In fact, Pompeo reportedly took part in the call, according to the Wall Street Journal, citing a senior state department official. For his part, Barr flew to Italy and to London to ask for help in “investigating” the roots of the Russia investigation, the Washington Post reported. Trump also asked the Australian prime Scott Morrison for help, and Morrison agreed to assist, something first reported by the New York Times, and confirmed by the Australian government.

“It should trouble all of us that the attorney general is flying overseas and spending his time focused on discrediting the origins of the Mueller probe instead of combating crime here in the US,” tweeted the former federal prosecutor Renato Mariotti. “His personal involvement reinforces the view that he does Trump’s bidding.”

“Pretty clear that Barr is working feverishly [with] Trump to produce some kind of anti-Mueller report,” tweeted the MSNBC host Chris Hayes.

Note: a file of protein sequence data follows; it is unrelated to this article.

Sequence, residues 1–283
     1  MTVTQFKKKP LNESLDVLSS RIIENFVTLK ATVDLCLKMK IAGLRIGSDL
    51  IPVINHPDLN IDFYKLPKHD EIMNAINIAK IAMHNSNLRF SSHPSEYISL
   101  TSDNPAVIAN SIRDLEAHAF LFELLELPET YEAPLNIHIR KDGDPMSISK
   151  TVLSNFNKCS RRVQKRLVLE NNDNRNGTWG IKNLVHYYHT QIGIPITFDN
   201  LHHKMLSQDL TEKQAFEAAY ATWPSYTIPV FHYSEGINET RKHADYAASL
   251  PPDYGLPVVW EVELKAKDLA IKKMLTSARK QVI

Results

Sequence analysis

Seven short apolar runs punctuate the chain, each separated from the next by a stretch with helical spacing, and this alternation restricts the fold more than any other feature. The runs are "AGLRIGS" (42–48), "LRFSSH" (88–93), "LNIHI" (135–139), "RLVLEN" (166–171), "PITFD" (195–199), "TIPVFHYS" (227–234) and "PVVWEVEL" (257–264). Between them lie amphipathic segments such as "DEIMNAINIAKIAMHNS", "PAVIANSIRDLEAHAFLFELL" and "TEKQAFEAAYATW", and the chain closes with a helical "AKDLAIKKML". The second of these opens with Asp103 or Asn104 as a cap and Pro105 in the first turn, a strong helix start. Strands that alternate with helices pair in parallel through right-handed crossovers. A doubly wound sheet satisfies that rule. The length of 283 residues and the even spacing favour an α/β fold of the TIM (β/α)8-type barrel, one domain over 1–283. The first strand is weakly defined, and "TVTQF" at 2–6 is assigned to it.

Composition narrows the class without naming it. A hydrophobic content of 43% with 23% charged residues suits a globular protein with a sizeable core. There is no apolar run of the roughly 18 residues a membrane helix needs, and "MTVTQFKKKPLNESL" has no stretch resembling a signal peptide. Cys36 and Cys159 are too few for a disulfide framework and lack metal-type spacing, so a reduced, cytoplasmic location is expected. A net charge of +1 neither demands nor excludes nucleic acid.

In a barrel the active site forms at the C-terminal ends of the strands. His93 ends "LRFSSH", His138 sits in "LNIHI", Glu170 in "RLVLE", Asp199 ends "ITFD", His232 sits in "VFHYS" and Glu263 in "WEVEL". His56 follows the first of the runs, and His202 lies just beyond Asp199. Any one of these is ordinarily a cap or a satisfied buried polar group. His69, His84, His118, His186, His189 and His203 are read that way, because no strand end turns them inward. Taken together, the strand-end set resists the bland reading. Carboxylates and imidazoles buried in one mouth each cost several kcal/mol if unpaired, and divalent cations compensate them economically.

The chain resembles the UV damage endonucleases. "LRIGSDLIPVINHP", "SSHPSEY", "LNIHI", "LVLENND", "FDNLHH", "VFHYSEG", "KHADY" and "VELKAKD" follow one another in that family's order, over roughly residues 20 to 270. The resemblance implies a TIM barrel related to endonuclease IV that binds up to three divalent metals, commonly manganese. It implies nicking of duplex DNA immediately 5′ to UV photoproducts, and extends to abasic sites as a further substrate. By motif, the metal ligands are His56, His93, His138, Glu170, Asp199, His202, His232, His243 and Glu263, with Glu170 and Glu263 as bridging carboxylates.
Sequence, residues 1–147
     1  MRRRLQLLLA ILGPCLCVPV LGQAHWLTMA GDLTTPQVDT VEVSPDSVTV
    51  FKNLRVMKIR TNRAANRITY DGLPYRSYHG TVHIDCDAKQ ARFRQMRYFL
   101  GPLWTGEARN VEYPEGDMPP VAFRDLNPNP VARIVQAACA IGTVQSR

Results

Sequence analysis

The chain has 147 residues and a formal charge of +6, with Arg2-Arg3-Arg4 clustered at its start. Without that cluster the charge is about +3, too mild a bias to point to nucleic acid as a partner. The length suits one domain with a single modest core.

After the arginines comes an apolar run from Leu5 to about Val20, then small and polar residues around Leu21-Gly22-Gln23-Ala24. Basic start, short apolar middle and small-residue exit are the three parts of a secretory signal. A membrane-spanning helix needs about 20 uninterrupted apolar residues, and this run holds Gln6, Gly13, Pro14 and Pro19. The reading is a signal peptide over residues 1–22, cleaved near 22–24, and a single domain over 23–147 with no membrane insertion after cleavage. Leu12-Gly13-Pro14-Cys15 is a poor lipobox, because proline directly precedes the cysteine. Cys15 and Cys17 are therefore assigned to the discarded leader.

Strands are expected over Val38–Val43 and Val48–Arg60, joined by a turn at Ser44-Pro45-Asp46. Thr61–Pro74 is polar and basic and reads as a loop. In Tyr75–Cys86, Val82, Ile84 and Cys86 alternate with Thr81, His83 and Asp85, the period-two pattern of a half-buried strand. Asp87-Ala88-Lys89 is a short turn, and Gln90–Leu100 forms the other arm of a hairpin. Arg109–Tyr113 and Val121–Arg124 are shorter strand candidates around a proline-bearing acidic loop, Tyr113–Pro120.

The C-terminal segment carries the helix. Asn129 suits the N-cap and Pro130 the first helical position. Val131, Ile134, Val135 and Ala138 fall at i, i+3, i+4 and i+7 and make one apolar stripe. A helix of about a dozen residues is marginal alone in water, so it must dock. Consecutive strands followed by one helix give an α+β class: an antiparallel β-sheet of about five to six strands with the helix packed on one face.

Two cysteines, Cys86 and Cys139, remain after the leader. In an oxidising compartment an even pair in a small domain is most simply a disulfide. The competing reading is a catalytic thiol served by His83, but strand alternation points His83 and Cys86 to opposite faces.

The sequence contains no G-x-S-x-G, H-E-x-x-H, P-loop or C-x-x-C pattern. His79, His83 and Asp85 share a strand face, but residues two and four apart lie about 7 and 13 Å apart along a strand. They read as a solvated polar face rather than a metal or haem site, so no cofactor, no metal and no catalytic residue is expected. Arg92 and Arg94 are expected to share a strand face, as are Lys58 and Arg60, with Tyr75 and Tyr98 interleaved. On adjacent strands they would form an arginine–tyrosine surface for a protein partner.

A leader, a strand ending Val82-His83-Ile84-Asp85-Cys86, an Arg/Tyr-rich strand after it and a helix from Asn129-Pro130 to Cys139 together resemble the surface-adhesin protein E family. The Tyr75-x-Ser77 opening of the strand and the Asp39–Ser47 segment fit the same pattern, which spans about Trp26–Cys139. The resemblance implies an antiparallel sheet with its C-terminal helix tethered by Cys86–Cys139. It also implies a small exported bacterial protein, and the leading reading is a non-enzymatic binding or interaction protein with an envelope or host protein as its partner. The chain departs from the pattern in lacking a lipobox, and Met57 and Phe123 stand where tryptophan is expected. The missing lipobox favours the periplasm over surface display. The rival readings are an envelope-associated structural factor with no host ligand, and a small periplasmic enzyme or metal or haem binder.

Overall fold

The justice department defied that characterization, issuing a statement Monday describing Barr’s work as business-as-usual to support the US attorney John Durham’s ongoing investigation of the FBI’s former investigation of Russian election tampering. The justice department opened the counter-investigation following Trump’s repeated claims that his campaign, which had serial secret contacts with Russian operatives, had been unfairly targeted for scrutiny.

“At attorney general Barr’s request, the president has contacted other countries to ask them to introduce the attorney general and Mr Durham to appropriate officials,” the spokeswoman Kerri Kupec said.

Foreign officials could have information useful to Durham because the investigation of Trump’s campaign began with a tip to the FBI from an Australian diplomat that a Trump aide had drunkenly told him about a Russian offer of “dirt” on Hillary Clinton.

But it was very unusual for the attorney general, much less the president, to be personally involved at such lengths in an internal investigation, even where foreign contacts are required, former federal prosecutors said.